The Dutch National Police are looking to the animal kingdom in its efforts to contain and control illegal or just bothersome drone flights in the small European nation.
Why use a shotgun when you can have an eagle do the work?
If you’re bothering someone with your drone over a West Virginia trailer park one of the last things you’ll likely see from your tablet as your DJI Phantom’s camera scopes the ground is a man with a Budweiser going inside for his shotgun to solve that problem.
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The Dutch are a bit more subtle and are presently training eagles to take down drones. Whether or not their motivation comes from a viral video from Australia last year where a wild eagle famously took down a drone much to the owner’s chagrin is anyone’s guess.
There is little doubt that drones can be both a nuisance and a danger. Police departments around the world have looked at numerous methods to keep drones at bay. Whether a drone of their own with a net, radio jammers, etc., there are a number of ideas being floated around through law enforcement. But now? Hell, let’s use eagles.
Dutch police teams with raptor training company to take down rouge drones
Guard from Above – a Dutch Raptor training company has begun training the eagles to safely capture a drone in their talons. While the shotgun solution described above will do the trick in rural environments it’s hardly ideal for urban settings. Instead, the eagles, in theory, will use their inherently strong talons to snatch an airborne drone and return it to its point of disembarkation.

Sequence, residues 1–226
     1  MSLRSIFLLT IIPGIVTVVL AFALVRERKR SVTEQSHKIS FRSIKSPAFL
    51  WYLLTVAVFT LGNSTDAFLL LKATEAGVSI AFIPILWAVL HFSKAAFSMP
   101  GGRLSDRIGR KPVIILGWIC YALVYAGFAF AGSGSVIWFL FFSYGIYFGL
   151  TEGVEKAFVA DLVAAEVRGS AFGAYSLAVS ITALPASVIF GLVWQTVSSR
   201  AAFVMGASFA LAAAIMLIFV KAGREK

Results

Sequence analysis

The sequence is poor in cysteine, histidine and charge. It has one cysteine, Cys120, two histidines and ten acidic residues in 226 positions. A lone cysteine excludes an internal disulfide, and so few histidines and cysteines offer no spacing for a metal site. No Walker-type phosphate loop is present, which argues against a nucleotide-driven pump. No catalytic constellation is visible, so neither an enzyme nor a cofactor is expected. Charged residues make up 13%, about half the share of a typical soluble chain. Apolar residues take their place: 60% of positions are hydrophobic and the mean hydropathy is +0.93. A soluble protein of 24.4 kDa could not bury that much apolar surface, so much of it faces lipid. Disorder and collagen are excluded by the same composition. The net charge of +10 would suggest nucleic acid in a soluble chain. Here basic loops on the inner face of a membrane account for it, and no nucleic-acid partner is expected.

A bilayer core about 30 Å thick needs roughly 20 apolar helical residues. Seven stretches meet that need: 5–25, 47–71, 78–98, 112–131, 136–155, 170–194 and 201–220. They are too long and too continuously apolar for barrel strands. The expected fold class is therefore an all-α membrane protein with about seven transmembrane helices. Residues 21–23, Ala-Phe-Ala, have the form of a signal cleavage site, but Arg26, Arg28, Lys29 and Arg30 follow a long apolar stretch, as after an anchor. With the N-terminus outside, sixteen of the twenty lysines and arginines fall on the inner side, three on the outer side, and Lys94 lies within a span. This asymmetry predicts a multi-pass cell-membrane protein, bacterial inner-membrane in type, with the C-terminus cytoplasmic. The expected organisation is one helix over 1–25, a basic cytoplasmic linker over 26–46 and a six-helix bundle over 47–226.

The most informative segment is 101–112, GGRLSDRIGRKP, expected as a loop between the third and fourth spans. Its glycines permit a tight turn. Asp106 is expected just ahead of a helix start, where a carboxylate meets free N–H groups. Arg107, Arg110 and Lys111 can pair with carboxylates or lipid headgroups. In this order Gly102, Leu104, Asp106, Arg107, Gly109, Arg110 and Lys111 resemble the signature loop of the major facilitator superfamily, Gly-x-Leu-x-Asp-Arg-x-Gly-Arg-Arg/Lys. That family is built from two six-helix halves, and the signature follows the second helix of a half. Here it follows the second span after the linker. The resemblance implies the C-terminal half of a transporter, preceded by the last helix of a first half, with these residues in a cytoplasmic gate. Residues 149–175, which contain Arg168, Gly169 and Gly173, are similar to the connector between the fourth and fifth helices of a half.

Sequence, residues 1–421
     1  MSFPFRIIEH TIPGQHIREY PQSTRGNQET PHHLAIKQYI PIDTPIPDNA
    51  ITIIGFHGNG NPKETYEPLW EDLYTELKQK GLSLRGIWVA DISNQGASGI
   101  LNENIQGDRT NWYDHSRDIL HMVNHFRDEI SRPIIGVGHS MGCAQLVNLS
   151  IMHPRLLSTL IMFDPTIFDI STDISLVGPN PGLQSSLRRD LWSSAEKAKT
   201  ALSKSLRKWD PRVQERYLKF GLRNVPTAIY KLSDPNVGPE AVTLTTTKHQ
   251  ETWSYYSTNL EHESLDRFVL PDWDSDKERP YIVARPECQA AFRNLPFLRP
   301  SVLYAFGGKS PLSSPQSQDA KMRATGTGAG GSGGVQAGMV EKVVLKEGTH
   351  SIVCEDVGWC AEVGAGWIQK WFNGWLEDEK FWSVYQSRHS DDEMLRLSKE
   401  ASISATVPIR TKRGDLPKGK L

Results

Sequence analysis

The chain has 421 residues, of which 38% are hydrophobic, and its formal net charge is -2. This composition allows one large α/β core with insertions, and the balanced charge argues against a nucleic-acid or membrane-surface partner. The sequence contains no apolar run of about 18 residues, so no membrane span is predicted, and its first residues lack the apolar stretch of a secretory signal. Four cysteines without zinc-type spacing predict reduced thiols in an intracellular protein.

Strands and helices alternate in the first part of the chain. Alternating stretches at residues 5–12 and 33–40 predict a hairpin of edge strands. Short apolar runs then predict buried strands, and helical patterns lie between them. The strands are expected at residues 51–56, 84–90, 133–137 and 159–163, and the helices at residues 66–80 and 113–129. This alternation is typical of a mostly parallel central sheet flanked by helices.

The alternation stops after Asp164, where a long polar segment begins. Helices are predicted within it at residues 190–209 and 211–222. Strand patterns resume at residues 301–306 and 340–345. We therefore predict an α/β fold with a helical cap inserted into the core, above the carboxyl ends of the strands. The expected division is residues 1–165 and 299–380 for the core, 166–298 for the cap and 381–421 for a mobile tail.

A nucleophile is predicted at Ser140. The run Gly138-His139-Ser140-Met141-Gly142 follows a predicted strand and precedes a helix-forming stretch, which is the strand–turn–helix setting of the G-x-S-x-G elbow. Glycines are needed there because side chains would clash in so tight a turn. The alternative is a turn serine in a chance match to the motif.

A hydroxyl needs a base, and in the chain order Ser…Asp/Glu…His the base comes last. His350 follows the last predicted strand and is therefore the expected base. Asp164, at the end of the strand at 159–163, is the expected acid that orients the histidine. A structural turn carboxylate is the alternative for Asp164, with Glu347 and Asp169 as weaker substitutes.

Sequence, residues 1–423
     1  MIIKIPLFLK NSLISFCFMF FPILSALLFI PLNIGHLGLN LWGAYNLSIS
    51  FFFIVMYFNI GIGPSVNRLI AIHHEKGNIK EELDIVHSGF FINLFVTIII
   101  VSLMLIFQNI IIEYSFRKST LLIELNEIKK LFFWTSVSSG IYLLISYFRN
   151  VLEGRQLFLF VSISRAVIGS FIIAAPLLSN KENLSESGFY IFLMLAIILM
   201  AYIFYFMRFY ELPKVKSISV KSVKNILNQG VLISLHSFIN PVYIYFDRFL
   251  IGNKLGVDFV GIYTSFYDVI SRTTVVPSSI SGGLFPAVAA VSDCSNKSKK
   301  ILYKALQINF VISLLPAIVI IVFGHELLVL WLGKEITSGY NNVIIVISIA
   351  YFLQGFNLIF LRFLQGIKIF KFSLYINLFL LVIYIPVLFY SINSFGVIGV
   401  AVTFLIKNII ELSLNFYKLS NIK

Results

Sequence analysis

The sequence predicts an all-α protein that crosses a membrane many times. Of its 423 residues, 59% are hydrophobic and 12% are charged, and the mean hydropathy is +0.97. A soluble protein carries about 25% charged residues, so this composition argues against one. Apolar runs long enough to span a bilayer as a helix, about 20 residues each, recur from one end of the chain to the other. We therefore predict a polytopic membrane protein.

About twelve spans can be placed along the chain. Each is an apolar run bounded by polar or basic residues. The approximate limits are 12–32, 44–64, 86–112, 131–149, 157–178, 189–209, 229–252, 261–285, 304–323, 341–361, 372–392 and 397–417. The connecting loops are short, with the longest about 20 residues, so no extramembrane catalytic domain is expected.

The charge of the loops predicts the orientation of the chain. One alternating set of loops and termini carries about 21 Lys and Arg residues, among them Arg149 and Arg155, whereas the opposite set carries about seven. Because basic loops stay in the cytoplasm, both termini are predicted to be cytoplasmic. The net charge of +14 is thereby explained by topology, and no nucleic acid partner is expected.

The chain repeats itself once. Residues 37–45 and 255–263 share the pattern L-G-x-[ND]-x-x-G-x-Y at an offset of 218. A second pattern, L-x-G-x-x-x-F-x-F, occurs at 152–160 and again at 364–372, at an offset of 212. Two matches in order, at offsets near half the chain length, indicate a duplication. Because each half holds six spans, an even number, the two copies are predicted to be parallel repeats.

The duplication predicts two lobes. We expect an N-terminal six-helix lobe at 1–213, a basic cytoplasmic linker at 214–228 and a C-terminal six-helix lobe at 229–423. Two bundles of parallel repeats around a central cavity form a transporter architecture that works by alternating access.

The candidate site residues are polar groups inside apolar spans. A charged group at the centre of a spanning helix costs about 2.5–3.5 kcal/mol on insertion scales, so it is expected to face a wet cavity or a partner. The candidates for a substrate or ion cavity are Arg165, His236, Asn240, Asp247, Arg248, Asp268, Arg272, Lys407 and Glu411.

“There are situations in which drones are not allowed to fly. This is almost always to do with security,” said Mark Wiebe, innovation manager for the National Police in the Netherlands.
“The bird sees the drone as prey and takes it to a safe area,” said Wiebe.
In this day and age you can’t do this without immediately getting called out by animal welfare groups. While I don’t want to see the eagles getting hurt, I also don’t want them to be left out of fun they instinctively derive from hunting.
And the group responsible for training the eagles maintains that the eagles will be unharmed by the carbon fiber rotors that a drone employs to fly owing to the strength of their talons and the “scales” on the eagle’s legs. That said, the Dutch National Police are taking their safety seriously and looking at potentially armoring the drone snatchers.
Yes, armored drone hunting eagles, legal prostitution and really tall people wearing a lot of orange.